Everything about Java Jazz Festival feels tailor made for each individual member of the audience, and the shows are not limited to jazz either, but also include blues, soul, RnB, reggae with some truly unique bands on stage. There really is something for every kind of music lover; whether you love a small day time jazz performance, or like to party until dawn in a packed club-style venue, you will find something here. It is no wonder the event draws upwards of 45,000 attendees each year.

Fuji Rock Festival

This three day event, held at the end of July, is the largest music festival in Japan, with between 100,000 and 150,000 attendees, and it boasts an amazing line up of world class international performers, as well as well known Japanese artists. It’s not just the music that makes Fuji Rock such a wonderful festival – one that I would recommend everyone attend at some point; what really makes it special is the picturesque location and the quasi-magical atmosphere.

Hosted in the Japanese countryside; it took three years for the organisers to find the perfect spot, and it really could not be better. Located at the Naeba Ski Resort, the festival enjoys a backdrop of jaw-dropping mountain scenery, coupled with lush woodland areas which left me, at times, lost for words. To top it off the attendees are largely made up of carefree, yet eco-conscious, Japanese revellers, and respect for the surroundings is paramount. In fact, Fuji Rock is known to be one of the cleanest festivals on the planet, a title that it has definitely earned.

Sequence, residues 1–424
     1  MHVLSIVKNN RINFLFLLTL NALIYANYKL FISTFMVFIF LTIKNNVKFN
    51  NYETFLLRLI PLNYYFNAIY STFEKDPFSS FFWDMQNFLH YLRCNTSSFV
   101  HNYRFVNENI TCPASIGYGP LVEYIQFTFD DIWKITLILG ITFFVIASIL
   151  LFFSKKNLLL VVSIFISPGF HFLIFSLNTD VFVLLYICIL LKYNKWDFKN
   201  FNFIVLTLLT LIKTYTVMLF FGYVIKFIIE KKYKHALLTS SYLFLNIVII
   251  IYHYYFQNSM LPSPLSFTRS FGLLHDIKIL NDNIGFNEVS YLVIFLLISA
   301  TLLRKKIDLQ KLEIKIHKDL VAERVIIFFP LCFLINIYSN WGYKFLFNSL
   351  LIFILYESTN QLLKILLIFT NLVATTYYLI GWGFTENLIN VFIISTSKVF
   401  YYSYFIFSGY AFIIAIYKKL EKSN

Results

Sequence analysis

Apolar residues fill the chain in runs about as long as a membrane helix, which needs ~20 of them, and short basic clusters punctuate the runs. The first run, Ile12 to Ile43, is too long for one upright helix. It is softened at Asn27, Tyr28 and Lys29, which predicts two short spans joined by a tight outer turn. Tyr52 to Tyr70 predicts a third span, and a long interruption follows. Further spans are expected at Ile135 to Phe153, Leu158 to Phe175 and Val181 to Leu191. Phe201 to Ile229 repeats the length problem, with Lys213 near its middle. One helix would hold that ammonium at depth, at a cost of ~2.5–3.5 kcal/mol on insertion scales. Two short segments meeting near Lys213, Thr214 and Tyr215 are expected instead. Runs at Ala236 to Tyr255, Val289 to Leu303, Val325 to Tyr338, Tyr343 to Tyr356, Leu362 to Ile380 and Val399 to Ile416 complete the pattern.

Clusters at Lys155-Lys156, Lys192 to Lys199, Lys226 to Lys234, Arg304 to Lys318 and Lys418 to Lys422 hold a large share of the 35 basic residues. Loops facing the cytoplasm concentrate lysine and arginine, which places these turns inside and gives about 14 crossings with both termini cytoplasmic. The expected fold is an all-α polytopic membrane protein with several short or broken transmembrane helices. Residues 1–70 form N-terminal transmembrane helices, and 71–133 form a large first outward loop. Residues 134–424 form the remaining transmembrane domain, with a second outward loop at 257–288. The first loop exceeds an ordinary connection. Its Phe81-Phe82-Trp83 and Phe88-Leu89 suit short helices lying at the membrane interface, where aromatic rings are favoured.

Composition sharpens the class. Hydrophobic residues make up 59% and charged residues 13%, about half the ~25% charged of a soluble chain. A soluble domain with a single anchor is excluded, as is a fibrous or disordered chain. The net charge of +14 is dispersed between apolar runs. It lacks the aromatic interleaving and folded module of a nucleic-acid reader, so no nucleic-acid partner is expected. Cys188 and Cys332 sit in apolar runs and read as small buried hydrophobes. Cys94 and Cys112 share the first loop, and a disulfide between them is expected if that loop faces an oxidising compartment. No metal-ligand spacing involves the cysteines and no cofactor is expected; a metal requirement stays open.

There are several stages, some tucked away and hidden, others large and prominent, where bands such as Foo Fighters, Muse and Underworld have performed. Besides great music, there are also a variety of activities on offer, including ‘Kidsland’ for families, and a boardwalk trail that takes you through quirky sideshows and offers various hammock resting spots.

You never know where you will end up at this festival, one moment you are in a crowd of tens of thousands, the next you have turned a corner in the middle of a forest and ended up in a tent with thirty people watching a Japanese folk band. It’s a delightful experience, and also no surprise that the international attendance is on the increase. I just hope that it retains its fairytale-esque vibe despite its expansion.